In a televised interview this week with Sean Hannity of Fox News, former President Donald Trump initially refused to answer the question of whether, if elected in 2024, he would be a dictator or use his power to seek retribution for his political opponents. After Hannity pressed further, Trump said he would only be a dictator on “day one” of a new presidency; he did rule out political retribution. This should be shocking, but are any of us surprised? Trump is known for his lying and exaggeration. Nevertheless, we make a grave mistake if we don’t take Trump’s words seriously.
Gary’s goal in the trial was to bring the buried deeds of the Loewen Group into the light, to tell the story they hid behind contracts and laws and cultural biases and systemic injustice. In doing so, he aims to purchase some measure of justice. Is this what Willie Gary learned in Black church?
I’m older now and a good bit more skeptical about Israel’s virtue and Israel’s safety. I am far from convinced that Israel could or would serve as a refuge from violence for the American Jewish diaspora — the home of the majority of Jewish people outside Israel. And I think that viewing regions across the world in which the diaspora has settled to be temporary or lesser than ideal is dangerous to Jewish people and to the Jewish experience.
Christian ministries with child poverty, hunger, and health in their mission are aware that extreme weather exacerbates or causes the crisis they address. Such organizations can’t afford to ignore the worsening climate, said Andrew Leake, a Salta, Argentina-based program design specialist with Compassion International, which uses a sponsorship model to fund anti-poverty and community development work across the world. “We have a program that is designed to release children from poverty through a social process,” Leake said. “That long-term process is now interrupted rather violently by extreme weather and the backdrop of changing climate.”
When I was living on the West Side of Chicago, friends and family would often say that they couldn’t comprehend why I would want to live in such a “dangerous” area. The exchange would usually go something like the following: “I can’t imagine why you’d want to live in Chicago, considering all the gun violence.” “Are you worried about me being shot by the police?” “Well, no. The criminals are the ones who are shooting people.” “The police shoot people too. And there’s a reason the ‘criminals’ are resorting to violence.”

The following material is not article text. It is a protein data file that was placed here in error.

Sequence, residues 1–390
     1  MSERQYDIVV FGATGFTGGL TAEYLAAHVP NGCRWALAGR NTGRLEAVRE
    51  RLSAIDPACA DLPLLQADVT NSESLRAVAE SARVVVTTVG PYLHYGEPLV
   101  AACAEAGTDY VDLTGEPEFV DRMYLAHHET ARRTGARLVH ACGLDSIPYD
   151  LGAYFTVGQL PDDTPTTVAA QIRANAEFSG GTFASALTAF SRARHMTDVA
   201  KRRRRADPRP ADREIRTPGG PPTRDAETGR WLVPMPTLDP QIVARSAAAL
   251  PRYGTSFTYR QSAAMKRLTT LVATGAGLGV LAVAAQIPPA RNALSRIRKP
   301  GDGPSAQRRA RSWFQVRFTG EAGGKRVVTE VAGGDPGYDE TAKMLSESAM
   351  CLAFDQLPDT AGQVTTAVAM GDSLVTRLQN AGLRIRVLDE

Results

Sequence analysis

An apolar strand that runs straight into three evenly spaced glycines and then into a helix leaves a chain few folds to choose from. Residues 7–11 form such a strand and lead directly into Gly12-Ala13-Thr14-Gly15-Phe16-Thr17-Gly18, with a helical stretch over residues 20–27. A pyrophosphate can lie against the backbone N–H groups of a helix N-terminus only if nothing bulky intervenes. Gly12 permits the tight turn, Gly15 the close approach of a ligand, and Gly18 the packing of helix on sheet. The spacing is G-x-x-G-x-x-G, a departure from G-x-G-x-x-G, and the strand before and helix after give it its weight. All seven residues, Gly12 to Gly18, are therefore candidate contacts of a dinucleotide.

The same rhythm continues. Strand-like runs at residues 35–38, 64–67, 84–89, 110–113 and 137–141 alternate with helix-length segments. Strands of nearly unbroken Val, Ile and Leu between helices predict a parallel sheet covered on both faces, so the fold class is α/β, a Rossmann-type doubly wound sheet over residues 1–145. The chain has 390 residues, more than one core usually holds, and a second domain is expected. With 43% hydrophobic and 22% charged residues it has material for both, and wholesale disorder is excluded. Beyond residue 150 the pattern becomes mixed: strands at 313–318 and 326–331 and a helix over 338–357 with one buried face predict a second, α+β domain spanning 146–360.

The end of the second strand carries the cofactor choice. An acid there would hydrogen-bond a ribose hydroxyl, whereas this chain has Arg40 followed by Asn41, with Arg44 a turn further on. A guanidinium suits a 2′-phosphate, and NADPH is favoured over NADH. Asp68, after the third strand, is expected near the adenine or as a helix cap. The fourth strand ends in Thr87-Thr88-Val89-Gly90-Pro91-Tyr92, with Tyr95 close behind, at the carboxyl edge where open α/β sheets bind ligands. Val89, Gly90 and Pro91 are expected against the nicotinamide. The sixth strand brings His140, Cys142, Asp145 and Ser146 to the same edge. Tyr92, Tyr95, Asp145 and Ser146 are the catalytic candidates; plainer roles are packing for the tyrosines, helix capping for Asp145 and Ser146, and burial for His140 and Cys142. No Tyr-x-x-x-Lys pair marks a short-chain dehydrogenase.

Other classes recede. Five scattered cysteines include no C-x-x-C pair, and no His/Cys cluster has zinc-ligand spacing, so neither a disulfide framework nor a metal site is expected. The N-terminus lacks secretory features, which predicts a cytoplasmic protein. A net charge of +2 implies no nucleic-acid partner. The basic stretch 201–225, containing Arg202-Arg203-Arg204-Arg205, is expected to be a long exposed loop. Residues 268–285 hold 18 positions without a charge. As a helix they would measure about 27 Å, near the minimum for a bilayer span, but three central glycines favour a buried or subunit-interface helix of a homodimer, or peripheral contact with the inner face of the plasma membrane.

I would then go on to explain the antecedents to Chicago’s gun violence: racial segregation and systemic disinvestment. Beginning in the 1950s and into the ’70s, white Chicagoans fled the South and West Sides because they couldn’t imagine being neighbors with Black people. Because of this, these areas became predominantly Black, and the city has refused to invest resources into these neighborhoods to reverse their poor conditions. The South and West Sides are still suffering from disinvestment today, and this disinvestment is a major contributor to gun violence.
At their strongest, films and TV shows can help us pay attention to — and by extension, love — the people and the world around us.
Through the last decades of the 20th century, evangelical parenting advice from people like James Dobson or Gary and Anne Marie Ezzo emphasized parental authority and children’s obedience. Now that many of the kids who grew up under those rules are parents themselves, they’re determined to raise their own kids differently — even while finding it hard to break inherited patterns.
At a vigil for peace in Washington, D.C., this Tuesday, Palestinian Lutheran pastor Munther Isaac spoke about the approaching Christmas season in his home of Bethlehem in the West Bank.
“How can we celebrate when we feel this war — this genocide — that is taking place could resume at any moment?” he said.
It is the norm for Western media outlets to silence and ignore the voices of Palestinians. Israel set up a blockade against Gaza beginning in 2007 in response to Hamas’ taking over the territory. By restricting the movement of goods and people in and out of the territory, Israel has created a humanitarian crisis in Gaza. Israel has attempted to justify this blockade and the ensuing humanitarian crisis by characterizing Gazans specifically, and Palestinians in general, as “terrorists” — a characterization of Palestinians that is also prevalent in the United States.
Pope Francis has removed some of the Vatican privileges of conservative American Cardinal Raymond Burke, including a large, subsidized apartment and his salary, a senior Vatican official said on Tuesday.